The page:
The market numbers for child pornography are spine chilling, to say the very least. It is an international, multi-billion dollar industry. Children as young as a year old are exploited sexually, and paid for, by their online watchers. Many parents, struggling with poverty resort to selling their children to willing audience and buyers. Where there is a demand, there will always be a supply. Consumption of child pornography is a more reliable indicator of paedophilia than molestation of a child, although some non-paedophiles also view child pornography. Child pornography may be used for a variety of purposes, ranging from private sexual gratification or trading with other collectors to preparing children for sexual abuse as part of the child grooming process.

The term paedophile is commonly used by the public to describe all child sexual abuse offenders. This usage is considered problematic by researchers because many child molesters do not have a strong sexual interest in prepubescent children and are consequently not paedophiles. There are motives for child sexual abuse that are unrelated to paedophilia, such as stress, marital problems, the unavailability of an adult partner, general anti-social tendencies, high sex drive or alcohol use. As child sexual abuse is not an automatic indicator that its perpetrator is a paedophile, offenders can be separated into two types: paedophilic and non-paedophilic (or preferential and situational). Estimates for the rate of paedophilia in detected child molesters generally range between 25% and 50%. A 2006 study found that 35% of its sample of child molesters were paedophilic. Such people are harmful for the society as they harm children and bring vulnerable kids to the world of prosecution and trafficking.

The M.A.P. Community

Recently, some people online have been identifying themselves as M.A.P., which stands for Minor Attracted Person. They are paedophiles who are open and proud about it. These people have infiltrated a large section of social media, where they post about their interests in children in the hopes of making more people join the community. They have chat-rooms and online groups where they share child pornographic content and contact information of children in the sex trade.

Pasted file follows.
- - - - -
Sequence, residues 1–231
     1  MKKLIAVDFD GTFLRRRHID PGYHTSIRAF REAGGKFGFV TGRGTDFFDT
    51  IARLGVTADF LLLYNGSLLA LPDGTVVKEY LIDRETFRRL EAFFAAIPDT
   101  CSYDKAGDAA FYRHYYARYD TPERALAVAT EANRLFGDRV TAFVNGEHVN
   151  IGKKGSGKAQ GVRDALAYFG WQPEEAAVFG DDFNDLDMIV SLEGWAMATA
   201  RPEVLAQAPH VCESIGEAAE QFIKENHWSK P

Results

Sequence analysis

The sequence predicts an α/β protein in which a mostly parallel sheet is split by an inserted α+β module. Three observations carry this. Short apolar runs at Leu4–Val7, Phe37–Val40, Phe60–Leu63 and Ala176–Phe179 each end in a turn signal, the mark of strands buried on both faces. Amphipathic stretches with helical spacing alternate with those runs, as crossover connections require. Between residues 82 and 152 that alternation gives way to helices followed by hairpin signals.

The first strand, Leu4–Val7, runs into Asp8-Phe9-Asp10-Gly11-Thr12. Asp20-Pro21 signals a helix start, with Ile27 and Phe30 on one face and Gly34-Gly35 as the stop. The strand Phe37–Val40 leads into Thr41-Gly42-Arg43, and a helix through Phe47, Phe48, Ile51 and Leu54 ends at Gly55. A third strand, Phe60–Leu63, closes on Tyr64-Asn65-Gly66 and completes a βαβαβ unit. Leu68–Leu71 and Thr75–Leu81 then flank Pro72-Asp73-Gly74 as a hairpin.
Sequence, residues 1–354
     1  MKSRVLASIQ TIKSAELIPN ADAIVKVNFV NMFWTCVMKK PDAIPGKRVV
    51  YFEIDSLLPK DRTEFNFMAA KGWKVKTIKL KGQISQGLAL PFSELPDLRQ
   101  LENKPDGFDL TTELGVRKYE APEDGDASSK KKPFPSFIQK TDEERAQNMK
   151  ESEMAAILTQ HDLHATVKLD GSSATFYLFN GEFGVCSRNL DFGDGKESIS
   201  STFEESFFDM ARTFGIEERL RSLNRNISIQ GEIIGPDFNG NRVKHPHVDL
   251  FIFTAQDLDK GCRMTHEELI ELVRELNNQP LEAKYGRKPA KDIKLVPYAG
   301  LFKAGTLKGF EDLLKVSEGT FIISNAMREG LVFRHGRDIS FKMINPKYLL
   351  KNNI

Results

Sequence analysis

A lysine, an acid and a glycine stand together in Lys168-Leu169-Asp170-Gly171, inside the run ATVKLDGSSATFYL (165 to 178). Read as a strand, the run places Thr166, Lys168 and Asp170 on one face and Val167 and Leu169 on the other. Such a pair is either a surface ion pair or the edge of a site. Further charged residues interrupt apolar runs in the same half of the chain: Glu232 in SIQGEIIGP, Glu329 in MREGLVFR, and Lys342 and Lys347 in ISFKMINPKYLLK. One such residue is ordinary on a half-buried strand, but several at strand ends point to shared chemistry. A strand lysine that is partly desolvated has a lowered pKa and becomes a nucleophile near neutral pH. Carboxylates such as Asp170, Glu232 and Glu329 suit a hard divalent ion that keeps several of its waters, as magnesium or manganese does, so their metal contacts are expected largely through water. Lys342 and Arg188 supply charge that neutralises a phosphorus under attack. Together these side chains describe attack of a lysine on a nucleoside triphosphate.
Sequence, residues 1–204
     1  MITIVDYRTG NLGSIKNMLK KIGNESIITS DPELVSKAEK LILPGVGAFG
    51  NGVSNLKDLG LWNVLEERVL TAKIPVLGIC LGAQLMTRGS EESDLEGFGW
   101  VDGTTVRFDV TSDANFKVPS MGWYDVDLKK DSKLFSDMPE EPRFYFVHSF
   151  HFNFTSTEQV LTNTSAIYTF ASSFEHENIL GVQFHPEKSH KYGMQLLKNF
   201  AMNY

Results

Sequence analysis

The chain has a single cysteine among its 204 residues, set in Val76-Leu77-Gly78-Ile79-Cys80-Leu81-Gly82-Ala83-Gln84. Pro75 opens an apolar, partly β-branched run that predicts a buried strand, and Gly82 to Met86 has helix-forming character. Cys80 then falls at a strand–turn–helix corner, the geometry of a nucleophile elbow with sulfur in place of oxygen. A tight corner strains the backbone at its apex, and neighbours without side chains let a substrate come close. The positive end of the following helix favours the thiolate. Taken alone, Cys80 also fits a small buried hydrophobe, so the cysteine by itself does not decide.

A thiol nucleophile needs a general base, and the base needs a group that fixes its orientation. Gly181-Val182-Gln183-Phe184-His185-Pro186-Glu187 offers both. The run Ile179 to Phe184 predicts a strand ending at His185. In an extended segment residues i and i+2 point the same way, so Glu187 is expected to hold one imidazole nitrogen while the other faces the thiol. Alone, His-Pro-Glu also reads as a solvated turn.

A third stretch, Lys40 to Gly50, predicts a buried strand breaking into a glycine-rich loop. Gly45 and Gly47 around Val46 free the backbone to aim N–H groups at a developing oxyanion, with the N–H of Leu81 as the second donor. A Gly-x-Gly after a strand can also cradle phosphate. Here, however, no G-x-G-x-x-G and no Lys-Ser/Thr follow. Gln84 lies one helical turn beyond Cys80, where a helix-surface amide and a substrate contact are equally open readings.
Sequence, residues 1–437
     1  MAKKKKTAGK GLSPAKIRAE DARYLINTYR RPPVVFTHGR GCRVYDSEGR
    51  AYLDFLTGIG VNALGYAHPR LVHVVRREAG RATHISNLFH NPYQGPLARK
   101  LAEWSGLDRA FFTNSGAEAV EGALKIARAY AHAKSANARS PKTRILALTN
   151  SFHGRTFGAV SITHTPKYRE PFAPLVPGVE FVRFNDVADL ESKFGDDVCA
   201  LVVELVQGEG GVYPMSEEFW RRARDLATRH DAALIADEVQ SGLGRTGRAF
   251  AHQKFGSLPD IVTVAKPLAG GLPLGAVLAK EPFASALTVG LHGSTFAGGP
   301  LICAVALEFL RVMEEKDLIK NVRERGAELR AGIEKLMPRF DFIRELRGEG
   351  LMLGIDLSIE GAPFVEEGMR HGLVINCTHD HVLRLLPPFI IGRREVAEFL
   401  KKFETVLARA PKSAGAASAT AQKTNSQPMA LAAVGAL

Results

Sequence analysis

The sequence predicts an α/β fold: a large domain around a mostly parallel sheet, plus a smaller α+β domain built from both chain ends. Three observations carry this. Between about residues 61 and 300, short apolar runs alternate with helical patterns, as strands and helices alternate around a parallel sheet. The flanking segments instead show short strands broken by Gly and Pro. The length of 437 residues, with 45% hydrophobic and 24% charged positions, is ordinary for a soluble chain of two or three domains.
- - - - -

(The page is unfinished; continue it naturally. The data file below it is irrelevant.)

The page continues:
What is even more repulsive is that they call themselves a part of the LGBTQ+ community and ask for equal rights. Their argument is that paedophilia is a ‘sexual orientation’. So, they deserve to be treated the same way and given the same rights as the LGBTQ+ community people, including the right to legally marry a minor.

It must be made very clear that paedophilia in no way, is a sexual orientation. It is a registered criminal offense and psychiatric disorder. A person experiencing sexual attraction to minors is, in fact, mentally troubled. Berlin is one of the few places that offers preventive therapy to such people in hopes of reducing their urges to offend a minor by the means of Cognitive Behavioural Therapy (CBT) and a form of chemical castration. It has been proven to be effective to some extent. However, the records were self-informed by the paedophiles themselves, so their authenticity may be questionable.

The Contribution of Media

Over the last few decades, with the rise of television and the internet, we have been able to acquire the world at our fingertips. This comes along with the massive consumption of pop culture and different forms of entertainment. This has n turn led to the increase in the number of times a minor is sexualised for millions of adults to see.